The extra $188.6 million being ploughed in to pay for the Government's welfare reforms includes a $51.8 million package to contract out the case management of 1000 sole parents and 1000 people with health or disability issues to private providers as a trial to see if they are more effective at getting high needs' beneficiaries back into work.
A spokeswoman for Social Development Minister Paula Bennett said the results for that group of beneficiaries would be compared with those of a similar group being dealt with by Work and Income and further decisions would be made on whether to expand the use of contracted case management, which the Work and Income board had recommended for more specialist attention and one-on-one care.
The $51.8 million will also cover support for those 2000, such as paying for courses, wage subsidies and support when they returned to work, such as transport.
The latest welfare reforms kick in in July this year and will place heftier work-testing and job hunting requirements on almost all beneficiaries except for the seriously ill or seriously disabled who are unable to work.
The reforms which come into effect in July this year will pool beneficiaries into three broad categories, depending on their ability to work.
They include the Jobseeker Support for all those who are considered ready and able to work, Sole Parent Support for those whose children are too young for school and the Supported Living Payment for the long-term ill or seriously disabled who are unable to work.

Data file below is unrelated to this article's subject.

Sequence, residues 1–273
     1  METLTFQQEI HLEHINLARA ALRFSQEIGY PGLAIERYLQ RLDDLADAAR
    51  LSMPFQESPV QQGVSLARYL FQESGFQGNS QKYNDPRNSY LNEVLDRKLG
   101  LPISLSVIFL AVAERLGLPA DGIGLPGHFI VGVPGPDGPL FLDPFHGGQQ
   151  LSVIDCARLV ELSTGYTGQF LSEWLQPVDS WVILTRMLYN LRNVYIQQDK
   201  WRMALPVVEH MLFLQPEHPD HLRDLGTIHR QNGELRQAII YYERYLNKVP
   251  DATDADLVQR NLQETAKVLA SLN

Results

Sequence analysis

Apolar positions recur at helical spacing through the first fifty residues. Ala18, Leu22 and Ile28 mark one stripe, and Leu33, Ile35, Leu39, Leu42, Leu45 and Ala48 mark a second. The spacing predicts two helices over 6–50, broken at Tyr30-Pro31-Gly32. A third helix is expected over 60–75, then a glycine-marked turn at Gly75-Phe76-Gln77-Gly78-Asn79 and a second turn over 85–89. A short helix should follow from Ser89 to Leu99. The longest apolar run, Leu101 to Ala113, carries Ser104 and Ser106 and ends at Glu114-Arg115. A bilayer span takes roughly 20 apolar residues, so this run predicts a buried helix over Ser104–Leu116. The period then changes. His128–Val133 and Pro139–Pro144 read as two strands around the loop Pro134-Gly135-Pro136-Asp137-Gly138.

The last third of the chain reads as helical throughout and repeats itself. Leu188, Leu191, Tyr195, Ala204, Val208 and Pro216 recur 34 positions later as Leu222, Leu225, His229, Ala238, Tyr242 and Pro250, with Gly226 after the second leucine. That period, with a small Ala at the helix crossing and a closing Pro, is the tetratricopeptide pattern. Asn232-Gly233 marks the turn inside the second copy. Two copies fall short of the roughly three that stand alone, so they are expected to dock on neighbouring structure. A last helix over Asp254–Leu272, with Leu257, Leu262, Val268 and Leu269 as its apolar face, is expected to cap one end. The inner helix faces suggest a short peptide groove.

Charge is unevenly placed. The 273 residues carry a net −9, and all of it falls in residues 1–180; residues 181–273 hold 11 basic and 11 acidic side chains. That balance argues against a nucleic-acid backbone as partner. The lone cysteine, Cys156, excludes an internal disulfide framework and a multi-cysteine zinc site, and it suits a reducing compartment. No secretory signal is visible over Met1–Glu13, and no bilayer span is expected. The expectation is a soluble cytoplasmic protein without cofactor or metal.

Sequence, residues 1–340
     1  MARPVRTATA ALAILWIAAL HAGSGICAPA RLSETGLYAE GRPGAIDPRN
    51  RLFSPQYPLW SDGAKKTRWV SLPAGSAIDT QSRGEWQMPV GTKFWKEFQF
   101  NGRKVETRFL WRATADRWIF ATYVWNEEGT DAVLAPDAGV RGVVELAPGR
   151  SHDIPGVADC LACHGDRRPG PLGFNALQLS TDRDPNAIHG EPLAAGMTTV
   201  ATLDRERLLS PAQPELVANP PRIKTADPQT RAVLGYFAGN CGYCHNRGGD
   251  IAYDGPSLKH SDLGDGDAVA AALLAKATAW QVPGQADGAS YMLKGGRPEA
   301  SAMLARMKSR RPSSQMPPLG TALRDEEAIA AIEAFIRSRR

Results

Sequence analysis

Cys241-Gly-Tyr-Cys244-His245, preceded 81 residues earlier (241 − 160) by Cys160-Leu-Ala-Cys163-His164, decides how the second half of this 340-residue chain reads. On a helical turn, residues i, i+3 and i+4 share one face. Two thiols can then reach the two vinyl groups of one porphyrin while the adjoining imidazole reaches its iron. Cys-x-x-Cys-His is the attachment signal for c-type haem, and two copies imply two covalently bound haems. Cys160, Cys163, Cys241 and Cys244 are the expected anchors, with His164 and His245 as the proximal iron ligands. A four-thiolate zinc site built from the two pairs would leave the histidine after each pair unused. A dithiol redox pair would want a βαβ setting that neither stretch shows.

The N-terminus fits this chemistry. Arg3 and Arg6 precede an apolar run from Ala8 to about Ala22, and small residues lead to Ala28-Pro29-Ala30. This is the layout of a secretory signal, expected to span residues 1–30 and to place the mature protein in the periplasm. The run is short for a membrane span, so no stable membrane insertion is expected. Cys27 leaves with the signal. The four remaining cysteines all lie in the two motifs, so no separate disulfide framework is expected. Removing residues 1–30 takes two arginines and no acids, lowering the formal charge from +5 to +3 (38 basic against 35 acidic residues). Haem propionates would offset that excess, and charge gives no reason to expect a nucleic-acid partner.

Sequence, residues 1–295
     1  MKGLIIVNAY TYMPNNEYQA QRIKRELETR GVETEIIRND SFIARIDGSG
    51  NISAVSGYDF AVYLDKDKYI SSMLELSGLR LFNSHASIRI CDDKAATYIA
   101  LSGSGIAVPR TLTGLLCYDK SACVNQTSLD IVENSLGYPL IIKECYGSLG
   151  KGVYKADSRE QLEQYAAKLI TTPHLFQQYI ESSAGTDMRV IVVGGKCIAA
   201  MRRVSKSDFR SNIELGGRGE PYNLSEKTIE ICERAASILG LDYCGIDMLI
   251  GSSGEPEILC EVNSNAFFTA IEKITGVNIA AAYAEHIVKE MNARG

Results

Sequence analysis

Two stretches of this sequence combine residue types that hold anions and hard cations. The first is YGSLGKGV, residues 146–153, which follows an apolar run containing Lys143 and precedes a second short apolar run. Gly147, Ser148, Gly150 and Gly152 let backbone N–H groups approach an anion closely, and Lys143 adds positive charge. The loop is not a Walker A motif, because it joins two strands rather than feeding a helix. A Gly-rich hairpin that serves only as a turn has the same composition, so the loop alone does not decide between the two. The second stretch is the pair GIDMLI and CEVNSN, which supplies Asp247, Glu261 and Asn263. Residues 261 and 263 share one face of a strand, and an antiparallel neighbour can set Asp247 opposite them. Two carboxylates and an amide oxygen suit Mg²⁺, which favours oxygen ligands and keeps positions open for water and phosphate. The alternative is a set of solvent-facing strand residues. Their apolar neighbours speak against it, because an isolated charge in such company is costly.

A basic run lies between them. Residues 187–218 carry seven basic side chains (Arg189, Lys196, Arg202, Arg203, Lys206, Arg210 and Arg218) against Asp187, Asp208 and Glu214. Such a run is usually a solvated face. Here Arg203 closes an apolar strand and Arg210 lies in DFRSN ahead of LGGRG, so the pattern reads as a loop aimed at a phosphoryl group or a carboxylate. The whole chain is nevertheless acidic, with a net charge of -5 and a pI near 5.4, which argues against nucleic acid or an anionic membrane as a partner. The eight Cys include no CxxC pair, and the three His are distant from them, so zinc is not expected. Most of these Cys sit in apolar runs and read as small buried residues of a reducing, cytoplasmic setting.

It will also introduce a range of penalties for beneficiaries who do not meet job hunting requirements, such as failing a drugs test and those with arrest warrants.
The new spending in the Budget also provides for 354 more Work and Income staff, including 214 front-line staff in Work and Income offices. Social Development Minister Paula Bennett said it would mean Work and Income was actively working with 41 per cent of beneficiaries.
The extra funding would also be used to develop a model to assess beneficiaries on their ability to work and $16.4 million for the Work Bonus for sole parents who return to work before their youngest child reaches school age.
Finance Minister Bill English has defended the need for the extra funding for the second tranche of the welfare reforms, which follows a funding injection of $288 million last year.
"By 2015/16 we will be spending $500 million less on benefits than we anticipated 12 months ago. Part of that is because of increased employment opportunities, but also, we believe, it is the early effects of changes in welfare."
Work and Income has estimated the numbers on benefits will fall by between 28,000 and 44,000 by 2017, with estimated savings of up to $1.6 billion.